So, it’s kind of a funny story. Before leaving for Italy, my good, patient friend, Gabagol (who you may known as Andy–just kidding, you only know him as Gabagol)–gave me stick-shift driving lessons. We’d meet up in Westbury, Long Island on Sundays, and he’d hold his breath while I started, stalled, and stuttered around a parking lot for an hour. Afterward, we’d usually go to the big Fairway (NY’s best grocery store), where I’d buy him little tokens of my appreciation, like artisanal blood peach jam.
I had about four lessons in total over the course of two months. I got better and better with each lesson, but often failed at the same point, again and again. When coming off the highway, I’d always stall. The exit was on an incline, and there was a stop sign. I’d usually forget to switch from sixth gear back to first before starting again. And once the stall happened, there was no guarantee I could prevent the car from stalling again, as my brain became clouded and panicked. Luckily, Gabagol was always incredibly patient (did I mention what a good friend he is?), and never let his panic show. I’d yell, “Why does it keep stalling?!” “Because you’re still in sixth gear. “Oh, yeah.” “Why isn’t the car moving?!” “Because you’re still on the clutch.” “Oh, yeah.”
So I kind of got the hang of driving manual, but knew I had far from perfected it. Yet, I still opted for the manual transmission Fiat 500 when booking a car for our (my husband, Jared, and me) Sicily trip. I figured I had to go for a manual because, otherwise, what good had the lessons been? I needed to give it a try.
I’ve had worse ideas. And I’ve had far better ones.
So, with Jared’s cautious support (“If you feel confident…”), we picked up the manual Fiat 500 (“cinquecento”–much more fun to say than “five hundred”) from Europcar. I may have gotten into an argument with two European ladies on my way to the counter (they didn’t understand the merits of a “take a ticket” queue). Once that was settled, we found our way to our cute, white 500.
Amazingly, I was able to get the car moving, and off we went. Maybe this wasn’t going to be so bad? I didn’t even stall when going through the toll booth (I remembered to downshift this time!). And I was even making nice with the maniacal Sicilian drivers, who, by he way, speed like demons, never use their turn signals, are more than happy to tail you aggressively, and pay no attention to the concept of two separate lanes. All was going well until we got to our destination: Taormina.
Taormina is widely considered to be Sicily’s best resort town. We were scheduled to stay for two nights at the Hotel Villa Ducale, which sat upon a hill atop of Taormina, with a stunning view of both the crystal coastline and smoldering Mount Etna, who, at 11,000 feet, mostly had her head in the clouds. The funny thing about staying atop Taormina is that Taormina is already atop of another hill. So we were staying on a hill atop a hill. Double hill, double whammy.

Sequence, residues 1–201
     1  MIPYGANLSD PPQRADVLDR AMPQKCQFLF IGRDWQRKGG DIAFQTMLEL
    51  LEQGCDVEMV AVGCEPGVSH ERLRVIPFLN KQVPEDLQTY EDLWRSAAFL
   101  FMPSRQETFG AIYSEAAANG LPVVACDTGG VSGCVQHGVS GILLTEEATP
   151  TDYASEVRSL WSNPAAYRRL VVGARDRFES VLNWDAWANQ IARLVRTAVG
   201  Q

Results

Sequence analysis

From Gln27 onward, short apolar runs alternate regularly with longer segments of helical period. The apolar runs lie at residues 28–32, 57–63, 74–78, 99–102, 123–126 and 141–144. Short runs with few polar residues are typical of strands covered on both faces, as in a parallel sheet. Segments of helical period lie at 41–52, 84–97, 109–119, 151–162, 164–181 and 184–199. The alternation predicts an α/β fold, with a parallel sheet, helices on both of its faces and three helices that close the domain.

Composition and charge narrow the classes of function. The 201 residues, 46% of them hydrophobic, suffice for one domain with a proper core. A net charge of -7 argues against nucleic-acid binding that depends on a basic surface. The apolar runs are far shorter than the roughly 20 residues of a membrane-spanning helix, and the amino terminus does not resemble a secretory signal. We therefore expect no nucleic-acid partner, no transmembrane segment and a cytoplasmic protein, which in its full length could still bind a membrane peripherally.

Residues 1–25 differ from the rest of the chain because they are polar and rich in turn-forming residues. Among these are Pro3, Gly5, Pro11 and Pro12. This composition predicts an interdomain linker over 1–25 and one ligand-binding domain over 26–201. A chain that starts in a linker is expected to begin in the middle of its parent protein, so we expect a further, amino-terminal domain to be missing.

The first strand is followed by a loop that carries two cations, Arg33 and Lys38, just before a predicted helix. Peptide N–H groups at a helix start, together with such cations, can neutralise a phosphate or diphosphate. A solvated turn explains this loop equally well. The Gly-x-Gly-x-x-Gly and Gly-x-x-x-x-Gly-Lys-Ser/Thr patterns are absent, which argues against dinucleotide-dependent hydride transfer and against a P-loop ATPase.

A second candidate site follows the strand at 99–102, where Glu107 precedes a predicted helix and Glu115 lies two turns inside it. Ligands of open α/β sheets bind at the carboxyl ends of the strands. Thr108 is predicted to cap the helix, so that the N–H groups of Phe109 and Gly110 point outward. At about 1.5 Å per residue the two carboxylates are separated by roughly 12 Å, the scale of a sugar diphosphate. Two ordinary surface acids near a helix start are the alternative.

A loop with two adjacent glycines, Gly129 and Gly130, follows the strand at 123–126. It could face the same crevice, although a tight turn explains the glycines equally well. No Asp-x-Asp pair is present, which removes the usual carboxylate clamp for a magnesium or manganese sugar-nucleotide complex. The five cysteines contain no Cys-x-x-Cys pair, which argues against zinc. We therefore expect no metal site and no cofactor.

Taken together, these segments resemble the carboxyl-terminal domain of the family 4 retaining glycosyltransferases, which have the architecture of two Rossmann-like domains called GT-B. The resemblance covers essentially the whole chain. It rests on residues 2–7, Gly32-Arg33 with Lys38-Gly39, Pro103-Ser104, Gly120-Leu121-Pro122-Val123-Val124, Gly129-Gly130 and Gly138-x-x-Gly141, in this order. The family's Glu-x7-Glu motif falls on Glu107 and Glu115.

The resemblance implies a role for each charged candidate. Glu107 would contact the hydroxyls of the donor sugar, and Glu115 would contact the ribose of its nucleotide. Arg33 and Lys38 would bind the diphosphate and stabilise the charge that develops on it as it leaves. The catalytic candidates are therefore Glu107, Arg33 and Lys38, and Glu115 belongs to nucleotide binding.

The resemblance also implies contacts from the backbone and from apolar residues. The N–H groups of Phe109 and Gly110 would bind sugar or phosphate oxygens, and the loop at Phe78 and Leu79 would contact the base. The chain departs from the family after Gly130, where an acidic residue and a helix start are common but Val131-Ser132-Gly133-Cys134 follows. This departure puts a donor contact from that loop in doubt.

Following the directions provided by the hotel proved to be tricky. With one wrong turn, we found ourselves traveling uphill straight into Taorimina proper, rather than around it. On the way up the hill, I had to stop to yield for traffic, and promptly stalled. Flustered, I punched on the hazards and restarted the car and tried to proceed. When the rollback spooked me, I stalled again. Then the honking from other cars commenced. I restarted the car, gunned the engine and quickly let off the clutch until we jerked forward. The 500 emitted a burning metal smell (poor clutch!), demonstrating its annoyance.
And the fun didn’t stop there! Once we surmounted that hill, we drove through the medieval wall into downtown Taormina, which was teeming with cars and people. I pulled over, in full panic mode, and I looked to Jared with an exasperated, “Now what?” The only way out was to drive through the town’s narrow, winding, uphill roads. My manual driving nightmare had been achieved.
I stalled the car again and again. Lots of honking, lots of hazard signals, and lots of deep breaths (let’s be honest: I was taking shallow breaths, sweating and swearing). Jared supported me from the passenger seat, and never once screamed, “YOU’VE MADE A HORRIBLE DECISION AND RUINED OUR LIVES!” Although I think that’s what we were both thinking (or am I just projecting?).
We finally made it to the top part of upper Taormina, and found Hotel Villa Ducale. It was all worth it in the end; the hotel was magnificent and the view was spectacular. And we were able to enjoy Taormina without driving! Instead of ruining the Fiat’s transmission, we walked down 300+ stairs to the bottom of town. Much better, if you ask me.
After two days in Taormina, we embarked in the car again. While I narrowly missed hitting a motorcyclist (I was too focused on getting the car to go), we made it down the hill without issue. I stalled once at a toll booth, but didn’t stall at all when yielding at the thousand roundabouts we encountered, so all in all, it was a successful drive to our current location of Siracusa.
Hopefully, our luck will continue and I’ll avoid stop-and-go traffic on hills here on out. That’s likely, right? Haha, yeah right. Wish us luck!